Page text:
Ice velocities observed in 2005/06 at three GPS stations along the Sermeq Avannarleq flowline, West Greenland, are used to characterize an observed annual velocity cycle. We attempt to reproduce this annual ice velocity cycle using a 1-D ice-flow model with longitudinal stresses coupled to a 1-D hydrology model that governs an empirical basal sliding rule. Seasonal basal sliding velocity is parameterized as a perturbation of prescribed winter sliding velocity that is proportional to the rate of change of glacier water storage. The coupled model reproduces the broad features of the annual basal sliding cycle observed along this flowline, namely a summer speed-up event followed by a fall slowdown event. We also evaluate the hypothesis that the observed annual velocity cycle is due to the annual calving cycle at the terminus. We demonstrate that the ice acceleration due to a catastrophic calving event takes an order of magnitude longer to reach CU/ETH (‘Swiss’) Camp (46 km upstream of the terminus) than is observed. The seasonal acceleration observed at Swiss Camp is therefore unlikely to be the result of velocity perturbations propagated upstream via longitudinal coupling. Instead we interpret this velocity cycle to reflect the local history of glacier water balance.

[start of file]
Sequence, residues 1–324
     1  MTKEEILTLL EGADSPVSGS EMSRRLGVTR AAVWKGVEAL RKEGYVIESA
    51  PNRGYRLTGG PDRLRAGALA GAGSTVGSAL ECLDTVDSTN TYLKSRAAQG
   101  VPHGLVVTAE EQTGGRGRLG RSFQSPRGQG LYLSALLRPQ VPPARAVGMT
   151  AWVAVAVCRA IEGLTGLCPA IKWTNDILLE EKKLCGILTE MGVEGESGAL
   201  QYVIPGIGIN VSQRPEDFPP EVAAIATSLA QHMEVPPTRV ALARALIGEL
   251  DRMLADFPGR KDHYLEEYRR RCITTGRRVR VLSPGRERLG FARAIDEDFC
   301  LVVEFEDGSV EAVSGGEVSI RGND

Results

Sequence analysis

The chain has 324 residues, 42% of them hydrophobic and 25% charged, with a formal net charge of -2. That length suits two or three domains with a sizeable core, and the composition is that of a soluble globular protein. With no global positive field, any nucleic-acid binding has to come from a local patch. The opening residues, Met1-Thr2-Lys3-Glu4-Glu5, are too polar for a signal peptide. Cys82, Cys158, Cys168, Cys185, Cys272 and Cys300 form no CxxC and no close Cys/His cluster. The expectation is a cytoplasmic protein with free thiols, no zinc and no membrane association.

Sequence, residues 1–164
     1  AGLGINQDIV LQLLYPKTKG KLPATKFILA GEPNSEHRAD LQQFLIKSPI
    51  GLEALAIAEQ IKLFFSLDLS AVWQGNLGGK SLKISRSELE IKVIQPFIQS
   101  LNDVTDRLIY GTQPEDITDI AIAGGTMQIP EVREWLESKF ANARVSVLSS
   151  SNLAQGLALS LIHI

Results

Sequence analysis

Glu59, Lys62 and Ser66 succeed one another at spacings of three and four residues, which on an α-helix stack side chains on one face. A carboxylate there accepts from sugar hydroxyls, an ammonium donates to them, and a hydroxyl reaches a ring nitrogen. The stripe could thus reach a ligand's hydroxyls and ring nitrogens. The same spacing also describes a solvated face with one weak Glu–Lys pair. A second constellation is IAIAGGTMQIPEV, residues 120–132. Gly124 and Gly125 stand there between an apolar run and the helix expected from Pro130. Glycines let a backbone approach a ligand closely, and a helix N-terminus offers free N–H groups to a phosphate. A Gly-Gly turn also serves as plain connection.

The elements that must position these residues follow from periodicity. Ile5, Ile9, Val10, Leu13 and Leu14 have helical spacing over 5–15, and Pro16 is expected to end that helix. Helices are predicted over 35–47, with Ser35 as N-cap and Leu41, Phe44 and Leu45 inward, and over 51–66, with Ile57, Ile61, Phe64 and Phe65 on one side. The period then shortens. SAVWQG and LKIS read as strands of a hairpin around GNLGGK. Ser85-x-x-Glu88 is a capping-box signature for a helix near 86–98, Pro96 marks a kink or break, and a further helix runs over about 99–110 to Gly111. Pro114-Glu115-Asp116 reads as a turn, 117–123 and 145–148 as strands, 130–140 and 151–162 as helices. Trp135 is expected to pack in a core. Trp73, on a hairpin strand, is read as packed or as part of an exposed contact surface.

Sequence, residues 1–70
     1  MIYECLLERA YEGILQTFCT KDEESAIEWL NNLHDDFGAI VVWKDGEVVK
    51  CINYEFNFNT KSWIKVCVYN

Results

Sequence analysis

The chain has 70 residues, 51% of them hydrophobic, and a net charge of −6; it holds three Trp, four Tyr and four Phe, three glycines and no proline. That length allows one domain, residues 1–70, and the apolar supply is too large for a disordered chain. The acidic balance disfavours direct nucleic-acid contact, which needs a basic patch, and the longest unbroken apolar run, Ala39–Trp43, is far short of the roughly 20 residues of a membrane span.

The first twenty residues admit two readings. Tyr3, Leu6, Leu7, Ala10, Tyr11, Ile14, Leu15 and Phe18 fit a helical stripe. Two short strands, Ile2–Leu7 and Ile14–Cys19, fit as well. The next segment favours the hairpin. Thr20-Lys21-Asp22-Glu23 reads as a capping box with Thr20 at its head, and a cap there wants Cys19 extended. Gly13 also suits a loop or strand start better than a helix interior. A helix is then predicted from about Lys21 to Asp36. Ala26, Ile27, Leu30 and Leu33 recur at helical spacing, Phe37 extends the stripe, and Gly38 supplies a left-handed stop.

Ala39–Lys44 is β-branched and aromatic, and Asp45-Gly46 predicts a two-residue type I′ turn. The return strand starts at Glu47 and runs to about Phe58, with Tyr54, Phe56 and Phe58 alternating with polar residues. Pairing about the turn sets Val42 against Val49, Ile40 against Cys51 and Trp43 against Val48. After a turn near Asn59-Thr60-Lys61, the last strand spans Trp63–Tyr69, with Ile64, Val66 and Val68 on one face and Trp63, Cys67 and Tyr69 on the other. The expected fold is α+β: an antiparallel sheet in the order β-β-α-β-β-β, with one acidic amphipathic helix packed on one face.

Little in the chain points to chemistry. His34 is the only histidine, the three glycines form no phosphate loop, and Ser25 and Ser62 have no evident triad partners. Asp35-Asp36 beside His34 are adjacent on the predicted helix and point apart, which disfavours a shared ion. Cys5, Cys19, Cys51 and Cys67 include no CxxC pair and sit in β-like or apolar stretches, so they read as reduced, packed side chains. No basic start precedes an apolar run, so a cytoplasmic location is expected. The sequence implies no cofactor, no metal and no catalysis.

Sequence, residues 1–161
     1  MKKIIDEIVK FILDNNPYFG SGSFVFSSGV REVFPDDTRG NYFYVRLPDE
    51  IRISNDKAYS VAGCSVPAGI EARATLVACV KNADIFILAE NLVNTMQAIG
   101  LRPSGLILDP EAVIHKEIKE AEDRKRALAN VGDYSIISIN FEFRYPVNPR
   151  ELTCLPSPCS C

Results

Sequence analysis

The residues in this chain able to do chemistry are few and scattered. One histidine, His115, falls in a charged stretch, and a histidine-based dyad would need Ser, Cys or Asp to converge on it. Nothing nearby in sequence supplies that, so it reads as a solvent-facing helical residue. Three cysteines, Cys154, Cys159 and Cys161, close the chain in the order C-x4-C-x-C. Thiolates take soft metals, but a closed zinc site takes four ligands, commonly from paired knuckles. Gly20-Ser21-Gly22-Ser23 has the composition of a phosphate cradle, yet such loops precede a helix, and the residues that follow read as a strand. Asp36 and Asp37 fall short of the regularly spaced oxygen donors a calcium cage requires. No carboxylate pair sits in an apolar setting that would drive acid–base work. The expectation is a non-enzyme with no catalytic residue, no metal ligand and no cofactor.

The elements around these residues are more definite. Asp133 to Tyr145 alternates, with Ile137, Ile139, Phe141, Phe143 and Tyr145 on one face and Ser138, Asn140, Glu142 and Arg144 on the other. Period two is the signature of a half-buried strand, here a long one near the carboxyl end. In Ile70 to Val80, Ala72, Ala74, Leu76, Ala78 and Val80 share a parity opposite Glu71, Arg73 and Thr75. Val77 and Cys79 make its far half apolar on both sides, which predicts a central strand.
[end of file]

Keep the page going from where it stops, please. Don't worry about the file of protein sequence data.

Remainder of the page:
We apply a novel one-dimensional glacier hydrology model that calculates hydraulic head to the tidewater-terminating Sermeq Avannarleq flowline of the Greenland ice sheet. Within a plausible parameter space, the model achieves a quasi-steady-state annual cycle in which hydraulic head oscillates close to flotation throughout the ablation zone. Flotation is briefly achieved during the summer melt season along a ∼17 km stretch of the ∼50 km of flowline within the ablation zone. Beneath the majority of the flowline, subglacial conduit storage ‘closes’ (i.e. obtains minimum radius) during the winter and ‘opens’ (i.e. obtains maximum radius) during the summer. Along certain stretches of the flowline, the model predicts that subglacial conduit storage remains open throughout the year. A calculated mean glacier water residence time of ∼2.2 years implies that significant amounts of water are stored in the glacier throughout the year. We interpret this residence time as being indicative of the timescale over which the glacier hydrologic system is capable of adjusting to external surface meltwater forcings. Based on in situ ice velocity observations, we suggest that the summer speed-up event generally corresponds to conditions of increasing hydraulic head during inefficient subglacial drainage. Conversely, the slowdown during fall generally corresponds to conditions of decreasing hydraulic head during efficient subglacial drainage.